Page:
Iran And China Macgyver A Way Around US Sanctions
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  • Cunctator

    “Financial sanctions are an important policy tool, and the case of Iran is grave enough to justify the inevitable costs of using them in this way, but the more we turn to them, the less useful they will ultimately become.”

    This is absolutely true. But it is even more so when the target of sanctions, and other affected countries, recognise that sanctions are often an excuse by the US not to do anything else. If sanctions were but one rung in a ladder of escalation, the incentive to maneuver around them would be diminished.

  • “In the medium to long term, we have to understand that China and Russia (along with a number of other powers) will look for ways to diminish America’s ability to use the global financial system to get its way”

    This merely illustrates the folly of our go-it-alone financial strategy. If the West is serious about guarding its most precious jewel — let us call it the liberal idea — then it will band together (all the industrial democracies, including Japan, South Korea, etc) and leverage its collective industrial and economic as well as financial strength to enforce certain civilized norms. That means tariffs, collective policing of the high seas, as well as access to the international banking system. It’s not too late — we still have the preponderance of power — but it might become too late if we wait much longer.

  • Brett

    Iran is accepting payment for some of its oil in renminbi, but since the renminbi is not freely convertible like the dollar or the euro, a kind of barter system has sprung up that allows Iran to spend the currency on goods and services from Chinese companies.

    It sounds like China came out the better in that particular negotiation. They get oil, and pay for it with what amounts to coupons to buy Chinese goods and services. It’s sort of like how the US will give military “aid” in the form of vouchers to buy US military products (both Egypt and Israel have this type of aid agreement with the US).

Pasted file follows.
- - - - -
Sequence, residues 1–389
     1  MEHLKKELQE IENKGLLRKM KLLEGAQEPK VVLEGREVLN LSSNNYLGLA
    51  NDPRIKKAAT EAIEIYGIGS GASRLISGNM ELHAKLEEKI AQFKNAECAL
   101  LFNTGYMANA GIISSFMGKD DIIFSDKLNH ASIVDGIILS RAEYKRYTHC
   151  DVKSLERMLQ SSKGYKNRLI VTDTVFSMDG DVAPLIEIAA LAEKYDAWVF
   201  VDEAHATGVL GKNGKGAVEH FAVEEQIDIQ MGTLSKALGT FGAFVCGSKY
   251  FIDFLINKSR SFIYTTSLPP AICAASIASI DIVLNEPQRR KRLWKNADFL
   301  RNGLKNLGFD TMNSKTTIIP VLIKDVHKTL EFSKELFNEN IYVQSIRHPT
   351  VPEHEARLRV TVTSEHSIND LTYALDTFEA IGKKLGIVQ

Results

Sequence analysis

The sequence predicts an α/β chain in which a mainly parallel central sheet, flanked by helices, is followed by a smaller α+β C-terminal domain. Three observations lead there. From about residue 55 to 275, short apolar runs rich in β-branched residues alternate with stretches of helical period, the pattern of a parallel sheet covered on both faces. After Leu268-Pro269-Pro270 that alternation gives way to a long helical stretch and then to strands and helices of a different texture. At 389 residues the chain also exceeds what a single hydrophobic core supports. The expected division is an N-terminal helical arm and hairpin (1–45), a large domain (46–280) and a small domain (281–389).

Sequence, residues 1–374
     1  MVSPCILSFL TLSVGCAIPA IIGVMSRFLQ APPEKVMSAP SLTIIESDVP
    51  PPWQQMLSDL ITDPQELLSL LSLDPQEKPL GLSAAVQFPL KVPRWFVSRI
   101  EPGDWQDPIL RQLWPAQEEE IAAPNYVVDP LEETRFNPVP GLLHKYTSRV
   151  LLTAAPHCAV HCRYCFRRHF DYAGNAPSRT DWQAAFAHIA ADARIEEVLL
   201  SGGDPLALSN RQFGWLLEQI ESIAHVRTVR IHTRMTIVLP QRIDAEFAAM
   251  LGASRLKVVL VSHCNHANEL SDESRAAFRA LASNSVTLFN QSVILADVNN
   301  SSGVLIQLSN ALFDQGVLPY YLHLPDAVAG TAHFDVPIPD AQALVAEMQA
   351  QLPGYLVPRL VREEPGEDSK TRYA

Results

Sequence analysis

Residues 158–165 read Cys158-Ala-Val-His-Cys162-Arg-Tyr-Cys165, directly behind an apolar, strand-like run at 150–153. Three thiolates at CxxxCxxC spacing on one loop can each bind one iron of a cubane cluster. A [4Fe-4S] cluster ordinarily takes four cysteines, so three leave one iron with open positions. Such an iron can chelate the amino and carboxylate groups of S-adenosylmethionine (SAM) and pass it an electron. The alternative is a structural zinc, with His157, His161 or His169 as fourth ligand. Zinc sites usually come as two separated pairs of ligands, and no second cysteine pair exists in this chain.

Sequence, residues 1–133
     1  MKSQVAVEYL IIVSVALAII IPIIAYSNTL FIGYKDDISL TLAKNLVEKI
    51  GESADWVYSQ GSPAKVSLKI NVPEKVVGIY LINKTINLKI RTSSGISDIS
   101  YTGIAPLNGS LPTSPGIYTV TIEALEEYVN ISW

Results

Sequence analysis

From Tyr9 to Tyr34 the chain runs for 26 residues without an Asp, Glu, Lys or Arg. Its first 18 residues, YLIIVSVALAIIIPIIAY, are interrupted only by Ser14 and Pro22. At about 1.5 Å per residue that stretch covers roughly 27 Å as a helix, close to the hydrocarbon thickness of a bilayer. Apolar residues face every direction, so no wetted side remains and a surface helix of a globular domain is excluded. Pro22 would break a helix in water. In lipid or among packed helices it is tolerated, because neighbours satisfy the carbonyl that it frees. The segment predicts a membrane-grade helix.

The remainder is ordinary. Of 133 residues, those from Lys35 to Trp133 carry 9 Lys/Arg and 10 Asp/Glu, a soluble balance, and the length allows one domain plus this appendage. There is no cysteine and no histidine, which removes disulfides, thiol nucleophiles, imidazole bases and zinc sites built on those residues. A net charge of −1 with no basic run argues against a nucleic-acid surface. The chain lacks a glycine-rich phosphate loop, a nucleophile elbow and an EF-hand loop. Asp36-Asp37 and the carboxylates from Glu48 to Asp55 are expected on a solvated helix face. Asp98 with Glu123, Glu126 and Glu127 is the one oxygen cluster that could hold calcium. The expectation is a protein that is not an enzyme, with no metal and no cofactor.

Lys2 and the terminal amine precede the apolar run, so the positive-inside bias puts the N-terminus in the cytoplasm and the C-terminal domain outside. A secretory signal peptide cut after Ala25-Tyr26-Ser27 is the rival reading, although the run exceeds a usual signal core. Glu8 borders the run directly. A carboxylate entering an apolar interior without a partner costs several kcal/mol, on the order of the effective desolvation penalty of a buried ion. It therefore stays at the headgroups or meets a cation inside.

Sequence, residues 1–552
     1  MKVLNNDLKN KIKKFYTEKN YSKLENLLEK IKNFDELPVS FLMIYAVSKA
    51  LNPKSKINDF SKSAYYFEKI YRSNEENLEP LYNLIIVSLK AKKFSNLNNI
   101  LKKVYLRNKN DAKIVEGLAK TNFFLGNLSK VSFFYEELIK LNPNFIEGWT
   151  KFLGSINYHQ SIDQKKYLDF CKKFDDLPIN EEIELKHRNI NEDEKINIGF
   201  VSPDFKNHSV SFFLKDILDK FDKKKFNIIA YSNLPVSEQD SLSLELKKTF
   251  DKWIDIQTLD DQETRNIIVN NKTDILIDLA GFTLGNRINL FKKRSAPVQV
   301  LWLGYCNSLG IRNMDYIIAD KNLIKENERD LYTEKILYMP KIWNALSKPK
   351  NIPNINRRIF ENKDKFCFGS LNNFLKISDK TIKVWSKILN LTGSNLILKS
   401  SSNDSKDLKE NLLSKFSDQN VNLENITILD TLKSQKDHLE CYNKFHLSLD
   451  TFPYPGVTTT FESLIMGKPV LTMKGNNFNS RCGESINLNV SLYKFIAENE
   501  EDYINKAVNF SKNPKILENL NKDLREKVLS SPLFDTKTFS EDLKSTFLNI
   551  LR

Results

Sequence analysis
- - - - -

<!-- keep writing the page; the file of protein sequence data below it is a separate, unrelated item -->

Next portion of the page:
• Mrs. Davis

    Admitting China to the WTO before it became a reasonably liberal polity was an error. Why it was done will be a matter of scholarly debate for a long time. In the long run, or short if possible, we are going to have to decide whether we want murderous, lawless dictatorships to be within our trading sphere. We should not have let Russia in either, after the example of China demonstrated that liberalised trade does not lead to liberalised governance.

  • Some background: How the Chinese Communist Party First Split on Falun Gong

    Why is this important? You figure it out.

  • Kris

    [email protected]: “Why is this important? You figure it out.”

    Because it encourages us to be skeptical of Bloomberg’s anti-sodium initiative? 🙂

  • Corlyss

    Raise your hands, all of you who were surprised by this.

    Sanctions=patty cake

    @Mrs. Davis

    Scholars debate what is obvious to the rest of us. There’s a faction in the US that thinks you give perks to tyrants to encourage good behavior. That faction is called stupid cosmopolitan internationalists who never seem to learn anything whatever from their failures.

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